Replenishing Peripheral CD4+ Regulatory T Cells: A Possible Immune-Intervention Strategy in Type 1 Diabetes?

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The Review of Diabetic Studies,2006,3,3,102-107.
Published:November 2006
Author(s) affiliations:

Charles Sia

Society for Biomedical Diabetes Research, Gneisenaustr. 86, 47057 Duisburg, Germany.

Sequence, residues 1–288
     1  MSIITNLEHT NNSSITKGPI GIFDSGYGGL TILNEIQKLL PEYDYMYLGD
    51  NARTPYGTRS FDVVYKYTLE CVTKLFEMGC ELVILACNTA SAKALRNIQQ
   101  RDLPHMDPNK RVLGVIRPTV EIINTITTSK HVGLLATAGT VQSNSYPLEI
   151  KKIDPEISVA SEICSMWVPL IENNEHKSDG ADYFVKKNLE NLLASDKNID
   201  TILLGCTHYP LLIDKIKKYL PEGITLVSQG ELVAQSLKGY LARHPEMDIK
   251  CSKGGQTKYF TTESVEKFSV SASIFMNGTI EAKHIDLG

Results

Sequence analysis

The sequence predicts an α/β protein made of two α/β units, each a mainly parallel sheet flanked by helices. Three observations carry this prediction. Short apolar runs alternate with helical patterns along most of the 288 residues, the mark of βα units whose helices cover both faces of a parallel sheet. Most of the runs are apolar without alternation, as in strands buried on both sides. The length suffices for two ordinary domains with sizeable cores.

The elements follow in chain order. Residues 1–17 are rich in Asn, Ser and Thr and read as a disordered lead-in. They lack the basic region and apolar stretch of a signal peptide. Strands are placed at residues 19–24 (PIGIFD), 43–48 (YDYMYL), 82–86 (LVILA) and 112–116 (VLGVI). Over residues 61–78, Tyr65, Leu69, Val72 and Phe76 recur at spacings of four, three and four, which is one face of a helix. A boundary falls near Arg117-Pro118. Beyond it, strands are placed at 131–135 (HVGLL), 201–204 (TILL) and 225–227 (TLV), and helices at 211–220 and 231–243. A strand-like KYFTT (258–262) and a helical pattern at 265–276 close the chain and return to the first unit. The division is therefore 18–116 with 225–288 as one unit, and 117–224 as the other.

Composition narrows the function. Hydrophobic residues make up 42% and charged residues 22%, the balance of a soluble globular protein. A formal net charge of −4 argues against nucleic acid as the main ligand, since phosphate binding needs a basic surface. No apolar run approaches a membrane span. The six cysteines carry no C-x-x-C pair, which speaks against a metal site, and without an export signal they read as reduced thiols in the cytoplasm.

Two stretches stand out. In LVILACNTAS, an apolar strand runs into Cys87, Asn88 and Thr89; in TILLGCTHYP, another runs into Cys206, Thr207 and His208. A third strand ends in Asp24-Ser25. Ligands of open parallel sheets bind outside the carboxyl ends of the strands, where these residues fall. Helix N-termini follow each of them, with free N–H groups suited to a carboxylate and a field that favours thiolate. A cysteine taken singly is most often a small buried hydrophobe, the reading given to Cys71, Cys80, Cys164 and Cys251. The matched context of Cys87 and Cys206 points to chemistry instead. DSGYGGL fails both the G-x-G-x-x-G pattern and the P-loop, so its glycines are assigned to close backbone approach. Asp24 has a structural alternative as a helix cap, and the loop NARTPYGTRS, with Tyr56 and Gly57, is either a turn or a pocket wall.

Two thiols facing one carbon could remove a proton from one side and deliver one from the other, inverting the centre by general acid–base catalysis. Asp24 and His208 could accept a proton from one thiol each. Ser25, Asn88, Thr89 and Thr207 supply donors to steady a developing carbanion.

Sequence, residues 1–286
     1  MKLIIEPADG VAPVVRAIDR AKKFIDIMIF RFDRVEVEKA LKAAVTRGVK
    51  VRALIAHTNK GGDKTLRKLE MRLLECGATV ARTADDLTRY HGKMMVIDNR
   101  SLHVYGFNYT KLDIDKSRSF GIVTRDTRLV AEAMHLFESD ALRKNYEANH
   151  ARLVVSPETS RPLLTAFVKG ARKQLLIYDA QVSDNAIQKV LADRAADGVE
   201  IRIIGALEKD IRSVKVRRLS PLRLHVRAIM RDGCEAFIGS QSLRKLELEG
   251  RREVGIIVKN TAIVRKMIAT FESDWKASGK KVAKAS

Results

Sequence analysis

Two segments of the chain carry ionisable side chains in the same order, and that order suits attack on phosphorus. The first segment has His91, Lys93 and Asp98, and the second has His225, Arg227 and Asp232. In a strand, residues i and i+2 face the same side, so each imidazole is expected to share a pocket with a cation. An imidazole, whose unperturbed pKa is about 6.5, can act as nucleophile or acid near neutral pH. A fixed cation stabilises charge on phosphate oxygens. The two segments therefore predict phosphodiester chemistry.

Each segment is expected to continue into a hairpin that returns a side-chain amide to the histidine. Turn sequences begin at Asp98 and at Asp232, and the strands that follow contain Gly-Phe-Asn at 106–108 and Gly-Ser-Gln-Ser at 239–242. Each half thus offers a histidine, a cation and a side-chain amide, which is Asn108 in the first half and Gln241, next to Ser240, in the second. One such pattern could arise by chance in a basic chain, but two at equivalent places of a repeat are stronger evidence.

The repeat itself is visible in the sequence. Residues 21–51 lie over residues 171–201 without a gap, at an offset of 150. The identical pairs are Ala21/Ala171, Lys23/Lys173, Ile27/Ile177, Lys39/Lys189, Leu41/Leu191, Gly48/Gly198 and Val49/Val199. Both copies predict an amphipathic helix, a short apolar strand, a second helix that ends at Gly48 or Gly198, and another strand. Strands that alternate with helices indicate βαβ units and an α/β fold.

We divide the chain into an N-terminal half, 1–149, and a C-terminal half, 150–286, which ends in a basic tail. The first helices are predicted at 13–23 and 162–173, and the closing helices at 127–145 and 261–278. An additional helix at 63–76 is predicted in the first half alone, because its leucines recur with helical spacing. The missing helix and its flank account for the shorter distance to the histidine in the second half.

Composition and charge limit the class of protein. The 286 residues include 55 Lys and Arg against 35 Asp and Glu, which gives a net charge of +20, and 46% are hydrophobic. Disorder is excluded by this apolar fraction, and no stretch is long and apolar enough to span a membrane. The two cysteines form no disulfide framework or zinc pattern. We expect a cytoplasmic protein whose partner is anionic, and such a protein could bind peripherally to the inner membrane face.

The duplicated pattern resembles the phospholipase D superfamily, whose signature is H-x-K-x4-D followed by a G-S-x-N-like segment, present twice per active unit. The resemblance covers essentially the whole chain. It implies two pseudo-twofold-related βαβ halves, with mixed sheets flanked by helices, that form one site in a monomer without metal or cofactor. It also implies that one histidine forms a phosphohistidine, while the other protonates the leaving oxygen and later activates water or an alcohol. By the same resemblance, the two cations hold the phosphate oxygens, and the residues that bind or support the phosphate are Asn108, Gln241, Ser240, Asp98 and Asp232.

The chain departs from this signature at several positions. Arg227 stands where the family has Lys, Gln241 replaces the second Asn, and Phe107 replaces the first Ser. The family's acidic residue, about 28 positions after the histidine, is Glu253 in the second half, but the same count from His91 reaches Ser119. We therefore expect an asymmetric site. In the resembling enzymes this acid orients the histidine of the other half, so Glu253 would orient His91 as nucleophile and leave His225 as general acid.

Controlling the diabetogenic activity of peripheral islet antigen- specific T cells is essential to halt the progression of autoimmunity that leads to the development of type 1 diabetes mellitus (T1DM). Over the past years, evidence has been gathered to suggest that the dysfunction of CD4+CD25+ regulatory T (Treg) cells, and the interleukin-10 (IL10) - secreting type 1 regulatory T (Tr1) cells are associated with disease onset in diabetic patients. Although CD4+CD25+ Treg cells develop as a distinct lineage of T cells in the thymus, results from recent studies have shown that they can also arise independently from the peripheral pool of conventional CD4+ lymphocytes. These observations have led to the development of various methods to convert peripheral CD4+ T cells into CD4+CD25+ Treg and Tr1 cells in vitro or to induce the development and expansion of Treg cell subsets in vivo. This article reviews the progress made in Treg cell recruitment in vivo that involves the potential for the prevention or even reversal of T1DM.